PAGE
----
2015 has been quite a year for illustrator and cartoonist Paul Young. The humble Roscommon native spent the summer promoting Song of the Sea, the Oscar-nominated animated feature film which he produced.
He has also been named as an EY Entrepreneur of the Year finalist, not to mention joining forces with Hollywood A-list star Angelina Jolie on upcomingfeature The Breadwinner. He’s even landed his dream job as a newspaper cartoonist. InBUSINESS spoke to Young about how, despite now being recognised as an entrepreneur, he is still holding on tight to his pencil.
BB: Can you give us some background on how you first became involved in animation?
PY: I was always into drawing. I grew up in Boyle, Co Roscommon but I went to art college at the University of Ulster in Belfast. I took a few years out travelling and doing caricatures in places like Greece. After that, I went to Ballyfermot College to study animation because that seemed to be the best way to get a job in the industry. That’s where I met Tomm Moore and Nora Twomey. When we finished college we all went down to Kilkenny where we started to work on the trailer for what became The Secret of Kells.
BB: You’ve obviously had a fantastic response to Song of the Sea but how much of a gamechanger was The Secret of Kells being nominated for an Oscar in 2010?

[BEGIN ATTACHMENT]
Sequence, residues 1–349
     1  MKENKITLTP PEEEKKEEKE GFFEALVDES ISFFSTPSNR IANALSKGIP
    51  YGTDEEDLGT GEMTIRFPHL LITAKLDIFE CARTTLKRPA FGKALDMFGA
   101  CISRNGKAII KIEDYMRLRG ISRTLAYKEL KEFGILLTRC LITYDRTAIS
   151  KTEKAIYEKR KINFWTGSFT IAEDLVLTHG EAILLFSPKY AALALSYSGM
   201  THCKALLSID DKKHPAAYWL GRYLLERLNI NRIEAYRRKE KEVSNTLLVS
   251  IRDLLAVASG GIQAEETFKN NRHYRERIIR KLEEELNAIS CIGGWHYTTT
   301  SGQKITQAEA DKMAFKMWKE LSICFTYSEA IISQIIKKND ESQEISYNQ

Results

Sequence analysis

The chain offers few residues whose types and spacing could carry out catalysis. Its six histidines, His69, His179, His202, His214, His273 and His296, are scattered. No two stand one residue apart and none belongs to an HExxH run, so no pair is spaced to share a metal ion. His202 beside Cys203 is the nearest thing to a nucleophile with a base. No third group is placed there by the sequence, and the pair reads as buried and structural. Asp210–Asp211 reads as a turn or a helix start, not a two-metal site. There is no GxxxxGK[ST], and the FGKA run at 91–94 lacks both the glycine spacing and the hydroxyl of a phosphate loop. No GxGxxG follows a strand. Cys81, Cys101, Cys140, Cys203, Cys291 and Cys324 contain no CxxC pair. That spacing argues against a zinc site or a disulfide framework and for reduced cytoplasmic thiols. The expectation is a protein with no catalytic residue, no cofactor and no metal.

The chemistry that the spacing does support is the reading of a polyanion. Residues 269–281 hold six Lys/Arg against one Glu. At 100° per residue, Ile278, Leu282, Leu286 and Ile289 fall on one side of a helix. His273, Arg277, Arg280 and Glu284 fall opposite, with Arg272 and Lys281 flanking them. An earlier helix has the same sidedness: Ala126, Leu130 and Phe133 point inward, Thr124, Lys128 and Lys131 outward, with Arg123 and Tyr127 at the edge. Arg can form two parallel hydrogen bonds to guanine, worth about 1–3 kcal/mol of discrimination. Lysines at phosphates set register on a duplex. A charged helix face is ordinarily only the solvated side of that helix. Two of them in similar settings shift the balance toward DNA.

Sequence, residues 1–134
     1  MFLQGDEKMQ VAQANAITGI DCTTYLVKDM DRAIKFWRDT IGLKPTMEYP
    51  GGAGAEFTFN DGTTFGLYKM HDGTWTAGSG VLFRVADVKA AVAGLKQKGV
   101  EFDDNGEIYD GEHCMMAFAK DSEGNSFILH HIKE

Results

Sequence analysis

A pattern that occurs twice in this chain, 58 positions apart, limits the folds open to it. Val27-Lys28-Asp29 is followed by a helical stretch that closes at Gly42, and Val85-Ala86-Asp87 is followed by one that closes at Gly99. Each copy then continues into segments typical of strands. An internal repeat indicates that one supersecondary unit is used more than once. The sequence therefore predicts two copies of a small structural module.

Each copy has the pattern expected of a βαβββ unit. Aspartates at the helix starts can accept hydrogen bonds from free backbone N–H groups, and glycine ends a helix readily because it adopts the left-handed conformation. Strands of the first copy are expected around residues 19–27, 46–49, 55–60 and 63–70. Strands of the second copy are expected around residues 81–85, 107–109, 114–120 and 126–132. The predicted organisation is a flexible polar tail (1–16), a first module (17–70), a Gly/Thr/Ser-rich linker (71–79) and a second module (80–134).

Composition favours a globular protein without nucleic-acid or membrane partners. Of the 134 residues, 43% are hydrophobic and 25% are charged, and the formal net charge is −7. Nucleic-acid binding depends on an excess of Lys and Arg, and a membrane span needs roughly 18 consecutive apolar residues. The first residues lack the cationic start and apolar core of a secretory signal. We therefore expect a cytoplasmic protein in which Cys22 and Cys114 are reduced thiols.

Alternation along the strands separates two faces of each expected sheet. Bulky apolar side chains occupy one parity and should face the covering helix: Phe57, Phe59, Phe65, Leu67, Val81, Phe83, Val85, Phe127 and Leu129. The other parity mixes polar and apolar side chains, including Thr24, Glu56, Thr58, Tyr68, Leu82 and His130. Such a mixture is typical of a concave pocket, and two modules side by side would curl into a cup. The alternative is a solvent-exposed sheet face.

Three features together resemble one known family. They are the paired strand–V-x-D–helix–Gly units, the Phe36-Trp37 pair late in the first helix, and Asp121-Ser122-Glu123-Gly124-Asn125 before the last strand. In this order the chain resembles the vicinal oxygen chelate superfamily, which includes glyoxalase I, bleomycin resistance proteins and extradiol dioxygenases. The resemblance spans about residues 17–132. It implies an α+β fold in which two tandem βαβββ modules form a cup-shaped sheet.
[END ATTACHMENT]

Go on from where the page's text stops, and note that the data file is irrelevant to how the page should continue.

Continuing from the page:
PY: It certainly helped and it was a massive surprise. We went to the States and had some screenings there beforehand. There was a bit of a delayed reaction in seeing the real benefits from a business perspective but it certainly did help because word about the film started to get out and DVD sales picked up in the States, before it finally went on to Netflix. It was then that people started to understand who Cartoon Saloon were and we started to get interesting offers to partner on films, some which we explored and some which we didn’t.
BB: How difficult is it to get funding for an animation film in Ireland?
PY: It took us a long time in the beginning. There’s only a couple of people making animation films in Ireland. Having done two in the past ten years we are pretty prolific in that sense. Most studios are doing television, short films and commercials.When we started the company we had an idea for the Secret of Kells, which ended up taking us seven or eight years to get going. The way we did it was through European co-production and having partners in France and Belgium after attending an event called The Cartoon Movie that took place in Potsdam, Germany. It was there that we met a French producer who agreed to partner with us. What I found interesting is that you really need to meet people seven or eight times before you’re ever going to do business with them. You have to believe that you’re going to be around in another five years. Animation is a long process. People want to know that you’re around for the long haul.
BB: Is there anything more the Government could be doing to support the animation industry?